Training in clinical oncology



when you're a junior doctor especially as a medical student or a foundation year doctor I think it's easy to get a very pessimistic view of what oncology involves most of the time you're looking after inpatients and these are either people who've been newly diagnosed or often at the end of their life what people don't realize is that a lot of oncology is outpatient based most of the time you're seeing people who are well who are at home who are just coming for their routine follow-up and who you get to know over time a good way to try and experience this is to try and do a taste a week and spend some time in your outpatient oncology clinic if you have one at your hospital you'll see that with oncology patients you get to see them often over months or many years and build up a relationship with these patients which gives an excellent holistic view of oncology the thing that said foretelling for oncology apart from medical oncology is that we deliver radiotherapy as well as chemotherapy and radiotherapy is is high-energy x-rays used to kill cancer the the good thing about doing that from a career point of view is that it provides you with a skill that's separate from our normal face-to-face patient contact have also protected time that you sit and exercise something that really is a hands-on skill and involves liaison with physicists and radiographers and to provide you with something different from the rest of your job the the issue about radiotherapy that put some people off is the physics component so you do need to have an understanding of the physics related to radiotherapy and but this is something that's taught really well and as part of the courses that run across the country when you refer to your registrar so and I certainly am NOT a natural physics head and it's something that actually I haven't found as challenges and I thought it would be Clinical Oncology is a very research driven specialty which for us as trainees means that there are a wide variety of research opportunities available to us during our training there are different areas that we can get involved in anything from clinical trials through technical radiotherapy epidemiology lab biology or medical education they're also a lot of funding opportunities which because of the high profile of cancer aren't available to many other specialties within that research environment you get the chance to translate scientific discoveries into real patient benefits and also to be part of global oncology community and share ideas your introduction to chemotherapy might seem daunting but remember you are already encountering chemotherapy and cancer whether it's neutropenic sepsis on the AME wards or nausea and vomiting and pneumonitis on the general medical take you will be surprised at how much you already know and what's particularly enjoyable is the relationships you build with people so analogous to the renal physicians and their dialysis unit we have our chemotherapy day unit you get to know the staff you get to see the patients sometimes reviewing them week in and week out and that's a familiarity that's almost lacking in many other specialties the and the satisfy thing about radiotherapy from my point of view is using it very radically and politically so it's really important and can be used as part of curing patients in 50% of patients in the UK and but what I think is more satisfying and Lynn's visual level is when you've got somebody in front of you with for example pain and you can use radiotherapy as a very effective treatment to deal with their pain with really a minimum of side-effects as most people watching this video will be aware medical training is hard there is a steep learning curve and this is true of specialty training in the way that has been through all stages of your training what I would say a real positive about Clinical Oncology is that there is a recognition through that process of the importance of setting aside time to develop research and evaluation skills that are going to make you more effective clinician in the future and help push boundaries for patients I find that clinic oncology is a really satisfying career it's challenging but it's emotionally very satisfying as well as intellectually satisfying with all the skills and their new technology that comes through and you really feel part of a team both with nurses and and surgeons and radiologists but but also oncology consultants and registrar's very supportive of each other and you feel well looked after and valued as even as a junior member of the team in addition and the importance of your life outside oncology is recognized and it's something that certainly I've found it's a very well accepted to work part-time it doesn't affect your career prospects and you're able to serve for example do research part-time work as a consultant part-time and there's plenty of role models within oncology to support flexible working and the importance of having a family and if you have an interest in the biology of cancer then clinical oncology effortlessly mixes the two and that's the pharmacology and the communication skills that you see both in your academics or in the clinic so get involved with the taste of weeks keep your eyes out during your CMT training cancer and chemotherapy are already very much part of your working lives just go on and apply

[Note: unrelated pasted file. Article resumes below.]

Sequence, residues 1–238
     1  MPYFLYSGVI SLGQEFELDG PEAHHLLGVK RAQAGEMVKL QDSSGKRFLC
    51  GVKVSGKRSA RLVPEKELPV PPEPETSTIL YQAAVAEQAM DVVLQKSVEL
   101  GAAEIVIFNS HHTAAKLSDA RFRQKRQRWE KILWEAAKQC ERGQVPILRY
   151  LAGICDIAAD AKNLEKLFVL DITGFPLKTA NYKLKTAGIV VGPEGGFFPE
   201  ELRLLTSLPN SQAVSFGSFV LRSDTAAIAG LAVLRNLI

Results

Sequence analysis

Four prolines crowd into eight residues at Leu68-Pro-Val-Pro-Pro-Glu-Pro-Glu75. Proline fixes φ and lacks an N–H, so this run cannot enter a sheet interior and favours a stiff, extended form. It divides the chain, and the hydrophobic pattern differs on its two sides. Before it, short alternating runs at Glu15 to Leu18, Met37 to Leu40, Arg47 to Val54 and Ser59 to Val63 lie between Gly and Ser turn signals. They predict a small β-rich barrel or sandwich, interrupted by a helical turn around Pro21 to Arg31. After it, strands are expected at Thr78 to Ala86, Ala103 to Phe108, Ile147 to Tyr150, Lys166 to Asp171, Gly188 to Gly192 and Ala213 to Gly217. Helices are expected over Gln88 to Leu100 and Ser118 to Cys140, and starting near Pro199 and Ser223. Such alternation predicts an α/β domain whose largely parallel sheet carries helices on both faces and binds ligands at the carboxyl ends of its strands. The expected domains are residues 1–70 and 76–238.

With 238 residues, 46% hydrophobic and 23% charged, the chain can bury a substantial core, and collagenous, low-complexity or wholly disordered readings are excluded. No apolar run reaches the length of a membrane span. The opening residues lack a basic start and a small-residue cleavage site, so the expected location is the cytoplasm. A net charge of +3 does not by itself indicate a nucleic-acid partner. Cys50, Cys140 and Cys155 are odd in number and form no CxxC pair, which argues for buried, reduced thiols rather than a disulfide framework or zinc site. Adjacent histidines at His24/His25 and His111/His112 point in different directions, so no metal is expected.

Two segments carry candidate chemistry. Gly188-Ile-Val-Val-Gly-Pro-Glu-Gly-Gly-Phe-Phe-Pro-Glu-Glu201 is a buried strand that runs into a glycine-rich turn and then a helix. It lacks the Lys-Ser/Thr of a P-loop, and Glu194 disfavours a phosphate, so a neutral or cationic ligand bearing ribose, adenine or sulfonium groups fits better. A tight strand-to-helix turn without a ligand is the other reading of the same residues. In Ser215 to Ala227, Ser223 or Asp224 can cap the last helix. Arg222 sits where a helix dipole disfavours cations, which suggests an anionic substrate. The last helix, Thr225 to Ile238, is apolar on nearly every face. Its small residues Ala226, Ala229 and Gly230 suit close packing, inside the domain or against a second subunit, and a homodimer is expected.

1 comment

  1. Thank you very much for enlightening us with the field of Clinical Oncology. I am a final year medical student and strongly considering Oncology as a possible future career.

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